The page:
|Official Country Name:||Kingdom of Cambodia|
|Region (Map name):||Southeast Asia|
|Language(s):||Khmer, French, English|
War and political strife have stifled modern Cambodia's media. The Cambodian government controls both the print and electronic press. Officials often intimidate, fine, or imprison journalists who stray from accepted media policies, particularly concerning human rights issues. Reporting is often hazardous, especially during volatile elections. Because the Khmer Rouge purged journalists, training programs teach media skills to inexperienced reporters. The Khmer Journalists Association encourages Cambodian journalists to act professionally; however, underpaid journalists sometimes resort to extortion to supplement their incomes.
Most media is centered in Khmer. More Cambodians acquire information from radio than from any other media. There are an estimated one million radios in Cambodia. Broadcasts are accessible in all provinces, and people who do not own radios can hear broadcasts on market loudspeakers. The Khmer Rouge seized control of Phnom Penh's radio station in 1975 to broadcast propaganda. After Vietnamese forces defeated the Khmer Rouge and temporarily occupied Cambodia, radio services were gradually restored. The Kampuchean Radio and Television Commission was established in 1983. The Voice of the Kampuchean People (VOKP), later called Voice of Cambodia, was on the air by the late 1980s.
Rebel Khmer Rouge forces continued to broadcast from remote locations. The Cambodia Radio Journalists' Training Project, aiming to improve Cambodia's 13 radio stations, was initiated in 1999.
There are only 100,000 televisions in Cambodia, and more urban dwellers than rural have access to television media. Skeptical Cambodians were convinced that Khmer Rouge dictator Pol Pot had died when his corpse was broadcast on television. In March 1986, Television Kampuchea (TVK) first broadcast in Phnom Penh. By the twenty-first century, six television stations broadcast various programming.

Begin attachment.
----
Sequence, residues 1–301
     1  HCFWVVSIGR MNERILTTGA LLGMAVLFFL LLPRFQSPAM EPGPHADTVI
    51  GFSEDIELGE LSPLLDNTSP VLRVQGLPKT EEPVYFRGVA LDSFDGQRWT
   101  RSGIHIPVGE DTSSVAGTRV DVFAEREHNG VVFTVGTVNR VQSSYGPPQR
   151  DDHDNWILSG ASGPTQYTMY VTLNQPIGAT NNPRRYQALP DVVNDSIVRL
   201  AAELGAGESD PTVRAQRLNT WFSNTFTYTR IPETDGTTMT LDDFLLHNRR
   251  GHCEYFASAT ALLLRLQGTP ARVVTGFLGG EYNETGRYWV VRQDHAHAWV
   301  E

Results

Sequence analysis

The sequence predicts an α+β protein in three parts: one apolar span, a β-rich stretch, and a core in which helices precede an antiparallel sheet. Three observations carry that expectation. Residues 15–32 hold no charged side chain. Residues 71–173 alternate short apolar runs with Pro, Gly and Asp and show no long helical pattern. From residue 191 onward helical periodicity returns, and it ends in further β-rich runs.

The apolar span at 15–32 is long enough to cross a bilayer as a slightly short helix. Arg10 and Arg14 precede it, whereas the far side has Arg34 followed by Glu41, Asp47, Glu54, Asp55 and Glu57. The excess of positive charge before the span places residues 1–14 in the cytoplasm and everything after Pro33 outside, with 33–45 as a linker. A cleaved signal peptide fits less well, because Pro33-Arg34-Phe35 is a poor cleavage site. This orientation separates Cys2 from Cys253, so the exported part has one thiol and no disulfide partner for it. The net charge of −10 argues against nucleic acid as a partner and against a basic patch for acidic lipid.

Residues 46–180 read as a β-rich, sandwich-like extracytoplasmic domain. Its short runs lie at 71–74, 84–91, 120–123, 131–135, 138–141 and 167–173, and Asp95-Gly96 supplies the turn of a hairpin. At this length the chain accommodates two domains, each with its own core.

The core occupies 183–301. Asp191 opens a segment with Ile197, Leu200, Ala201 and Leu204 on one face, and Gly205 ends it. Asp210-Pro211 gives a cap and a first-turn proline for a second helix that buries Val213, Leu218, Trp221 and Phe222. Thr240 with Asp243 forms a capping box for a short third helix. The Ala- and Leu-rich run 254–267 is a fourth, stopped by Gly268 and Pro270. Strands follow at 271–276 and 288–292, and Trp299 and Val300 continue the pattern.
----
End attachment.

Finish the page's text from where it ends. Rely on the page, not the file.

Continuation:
Phnom Penh is the nucleus of print journalism. The largest daily Khmer-language newspaper, Rasmei Kampuchea, has a circulation of 15,000. When United Nations peacekeepers encouraged democracy, more English-language newspapers began to be printed. The biweekly, independent Phnom Penh Post ( http://www.phnompenhpost.com/ ) started in 1992. Newspapers Phnom Penh Daily ( http://www.phnompenhdaily.com/ ), Cambodia Daily , Cambodia Times (which ceased publication in 1997), and magazines Bayon Pearnik and Indradevi feature contrasting views. Journalists have successfully countered government efforts to make Cambodia's press laws more restrictive. Several Internet sites also post Cambodian news.
Mehta, Harish C. Cambodia Silenced: The Press Under Six Regimes . Introduction and photgraphs by Tim Page. Bangkok: White Lotus Company Ltd., 1997.
Ross, Russell R., ed. Cambodia: A Country Study . 3rd ed. Washington, D.C.: Federal Research Division Library of Congress, 1990.
Schanberg, Sydney H. The Death and Life of Dith Pran . New York: Viking, 1985.
Elizabeth D. Schafer